While technically no longer part of the Vancouver waterfront, Lost Lagoon was once a shallow cove at the end of Coal Harbour until the causeway through Stanley Park was completed in 1916 and turned it into a salt water lake (and a truly lost lagoon). Later in 1929 the pipes carrying salt water from Burrard Inlet were closed off and the lake was filled instead with fresh water and stocked with trout for the local fly fishing association. In 1936 the lake was temporarily drained so a fountain for the City's Golden Jubilee could be installed, and then in 1938 it was made into a bird sanctuary. Up until the 1960's you could still rent row-boats in Lost Lagoon and enjoy a few hours on the water but this eventually came to an end and the lagoon was strictly set aside for the animals.
|Inside the Stanley Park Nature House
|Small beaver suitable for petting
|Lost Lagoon photo by Junie Quiroga
|River otters on the boulders by 2nd Beach photo by Junie Quiroga
|Canada goose and red-eared slider turtles photo by Junie Quiroga
|Mother Goose & her goslings photo by Junie Quiroga
|Ice on Lost Lagoon photos by Junie Quiroga
|Killer Whales trapped in ice off coast of Inukjuak, Quebec January 2013
Because it's fresh water, ice occasionally forms on Lost Lagoon when there's a winter cold snap and then the creatures are kept busy either maintaining an open swimming hole or cleaning the ice so they have a nice skating surface. At least they aren't in the life or death situation a pod of east coast killer whales found themselves in at the same time last week with their pitiful attempt to keep a breathing hole open. Once again the old saying "West is best, East is least" makes Vancouver the envy of the country.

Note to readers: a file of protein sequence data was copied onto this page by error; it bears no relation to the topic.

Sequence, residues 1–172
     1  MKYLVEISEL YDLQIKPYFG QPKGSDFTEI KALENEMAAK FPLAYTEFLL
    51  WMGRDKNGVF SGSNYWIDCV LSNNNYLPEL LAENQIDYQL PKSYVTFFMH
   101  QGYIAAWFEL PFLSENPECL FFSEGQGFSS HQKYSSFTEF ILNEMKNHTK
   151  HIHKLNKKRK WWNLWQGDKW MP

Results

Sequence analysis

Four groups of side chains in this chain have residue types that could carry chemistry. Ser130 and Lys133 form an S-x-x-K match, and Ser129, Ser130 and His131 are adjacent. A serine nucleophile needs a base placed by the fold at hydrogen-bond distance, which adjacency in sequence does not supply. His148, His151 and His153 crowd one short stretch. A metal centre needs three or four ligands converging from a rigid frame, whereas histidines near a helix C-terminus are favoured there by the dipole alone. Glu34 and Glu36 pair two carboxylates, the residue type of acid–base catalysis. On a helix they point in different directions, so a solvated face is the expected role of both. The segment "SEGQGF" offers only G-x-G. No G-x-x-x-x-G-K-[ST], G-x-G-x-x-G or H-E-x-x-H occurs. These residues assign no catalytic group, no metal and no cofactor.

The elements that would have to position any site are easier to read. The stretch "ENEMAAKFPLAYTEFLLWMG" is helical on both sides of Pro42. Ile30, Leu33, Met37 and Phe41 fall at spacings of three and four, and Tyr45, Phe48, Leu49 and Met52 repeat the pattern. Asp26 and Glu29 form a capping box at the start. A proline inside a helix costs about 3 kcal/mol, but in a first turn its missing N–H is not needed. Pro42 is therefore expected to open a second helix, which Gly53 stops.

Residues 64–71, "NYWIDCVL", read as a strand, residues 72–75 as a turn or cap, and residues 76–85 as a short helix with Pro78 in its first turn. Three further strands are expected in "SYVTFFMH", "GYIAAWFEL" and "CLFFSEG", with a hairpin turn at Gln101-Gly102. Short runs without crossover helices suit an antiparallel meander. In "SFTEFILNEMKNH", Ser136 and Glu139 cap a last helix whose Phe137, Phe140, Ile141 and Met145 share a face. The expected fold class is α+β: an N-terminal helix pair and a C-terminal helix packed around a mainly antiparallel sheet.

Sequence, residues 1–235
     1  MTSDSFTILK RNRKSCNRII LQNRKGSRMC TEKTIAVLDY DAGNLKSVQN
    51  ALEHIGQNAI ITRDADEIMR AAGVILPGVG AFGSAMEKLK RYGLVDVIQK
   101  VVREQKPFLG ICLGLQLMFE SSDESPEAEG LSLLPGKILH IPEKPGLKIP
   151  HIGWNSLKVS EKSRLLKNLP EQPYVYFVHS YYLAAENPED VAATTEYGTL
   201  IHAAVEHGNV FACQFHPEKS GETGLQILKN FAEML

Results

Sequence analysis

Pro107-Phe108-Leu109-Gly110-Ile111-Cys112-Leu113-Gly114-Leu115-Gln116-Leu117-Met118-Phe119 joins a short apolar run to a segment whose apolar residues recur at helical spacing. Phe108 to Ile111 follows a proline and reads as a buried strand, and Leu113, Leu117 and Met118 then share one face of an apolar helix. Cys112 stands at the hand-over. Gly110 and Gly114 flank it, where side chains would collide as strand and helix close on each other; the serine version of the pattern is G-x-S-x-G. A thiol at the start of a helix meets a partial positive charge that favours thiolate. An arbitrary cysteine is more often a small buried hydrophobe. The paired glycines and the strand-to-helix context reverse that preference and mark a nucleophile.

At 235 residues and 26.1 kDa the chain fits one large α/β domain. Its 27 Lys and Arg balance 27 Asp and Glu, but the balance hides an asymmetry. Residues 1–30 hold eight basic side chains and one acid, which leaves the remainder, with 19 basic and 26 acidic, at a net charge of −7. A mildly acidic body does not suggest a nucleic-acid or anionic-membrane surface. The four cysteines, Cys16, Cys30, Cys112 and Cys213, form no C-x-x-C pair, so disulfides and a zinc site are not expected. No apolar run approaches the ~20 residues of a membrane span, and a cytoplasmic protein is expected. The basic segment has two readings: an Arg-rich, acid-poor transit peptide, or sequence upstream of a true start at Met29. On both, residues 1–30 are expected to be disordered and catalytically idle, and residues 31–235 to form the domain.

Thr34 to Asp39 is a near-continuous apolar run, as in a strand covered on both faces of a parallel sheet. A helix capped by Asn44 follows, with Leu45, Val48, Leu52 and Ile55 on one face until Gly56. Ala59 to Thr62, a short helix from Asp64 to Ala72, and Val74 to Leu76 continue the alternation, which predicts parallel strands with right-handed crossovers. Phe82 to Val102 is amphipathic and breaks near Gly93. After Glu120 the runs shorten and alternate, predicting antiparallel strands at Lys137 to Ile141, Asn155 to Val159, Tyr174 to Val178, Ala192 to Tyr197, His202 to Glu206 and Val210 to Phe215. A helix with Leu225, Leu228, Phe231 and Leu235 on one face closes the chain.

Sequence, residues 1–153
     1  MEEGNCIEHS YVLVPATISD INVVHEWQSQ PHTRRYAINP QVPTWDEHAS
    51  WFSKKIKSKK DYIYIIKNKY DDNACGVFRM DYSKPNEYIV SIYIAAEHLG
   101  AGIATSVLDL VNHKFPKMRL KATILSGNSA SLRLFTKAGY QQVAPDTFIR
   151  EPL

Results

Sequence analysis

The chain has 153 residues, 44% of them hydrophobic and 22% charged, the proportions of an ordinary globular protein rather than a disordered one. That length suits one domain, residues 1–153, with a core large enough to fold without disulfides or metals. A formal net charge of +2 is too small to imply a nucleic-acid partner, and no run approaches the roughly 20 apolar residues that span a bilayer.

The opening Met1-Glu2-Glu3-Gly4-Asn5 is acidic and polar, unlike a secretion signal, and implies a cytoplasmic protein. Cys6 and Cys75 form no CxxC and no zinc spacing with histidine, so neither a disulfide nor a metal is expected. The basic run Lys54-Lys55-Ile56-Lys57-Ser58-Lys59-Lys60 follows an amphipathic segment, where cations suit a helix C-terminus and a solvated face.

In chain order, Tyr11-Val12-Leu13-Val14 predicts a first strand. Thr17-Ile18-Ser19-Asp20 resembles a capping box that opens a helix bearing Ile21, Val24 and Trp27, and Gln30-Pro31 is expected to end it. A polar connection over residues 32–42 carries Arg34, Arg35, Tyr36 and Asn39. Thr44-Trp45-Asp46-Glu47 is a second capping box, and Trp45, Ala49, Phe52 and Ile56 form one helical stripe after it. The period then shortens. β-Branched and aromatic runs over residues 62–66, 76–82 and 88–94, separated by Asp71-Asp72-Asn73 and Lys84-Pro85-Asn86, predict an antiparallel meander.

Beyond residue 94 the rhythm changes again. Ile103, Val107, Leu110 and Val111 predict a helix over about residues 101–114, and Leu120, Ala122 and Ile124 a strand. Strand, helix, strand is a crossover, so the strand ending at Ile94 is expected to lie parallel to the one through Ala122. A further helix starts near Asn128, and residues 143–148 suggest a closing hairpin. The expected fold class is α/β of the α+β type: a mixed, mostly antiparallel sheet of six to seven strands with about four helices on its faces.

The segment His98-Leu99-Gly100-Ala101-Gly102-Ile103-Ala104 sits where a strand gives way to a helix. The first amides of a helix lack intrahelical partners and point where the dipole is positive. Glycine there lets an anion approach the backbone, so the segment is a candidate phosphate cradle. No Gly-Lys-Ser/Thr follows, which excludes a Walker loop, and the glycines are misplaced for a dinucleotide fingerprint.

|January 1993 skating on Lost Lagoon
Every 20 years or so the elements do combine for enough snow in the City to make life interesting for a few days and skating on Lost Lagoon a special treat. It takes quite a few very cold days for the ice to thicken enough for skating, and thankfully it never lasts, but there is something special about a cold, sunny day outside on a frozen pond. The West End feels like a real old fashioned neighbourhood with everyone laughing and playing together.
|Beaver logging in Beaver Lake
A little further into the Park is the other freshwater lake called Beaver Lake, for reasons that are quickly apparent to anyone walking in the area. Unlike Lost Lagoon which is in no danger of ever disappearing, Beaver Lake is following the demise of all forest ponds that slowly but surely fill in with rotting vegetation which, in this case, is aggravated by yet another introduced species, the water lily, that has taken the place over. While a hungry moose would quickly help turn things around, the beavers in the meantime are doing their best to destroy all of the surrounding vegetation. In spite of efforts to slow their logging operation by wrapping the base of trees with protective wire, the beavers have managed to build themselves quite a monster party lodge in the middle of the lake that, by all reports, is quite cozy when things freeze over.
|Monster beaver party lodge in Beaver Lake photo by Junie Quiroga
|Great Canadian beaver on display at the Nature House in Lost Lagoon
There is, however, one other body of fresh water in the Park that has nobody skating on it when it freezes, no lodge built in the middle for throwing parties, and nobody swimming in it either, and that's the 2nd Beach pool. Lively all summer long, with the best sunset and ocean views, now it sits empty, deserted and cold as ice. Oh well, only five months to go.
|2nd Beach pool covered with ice photos by Junie Quiroga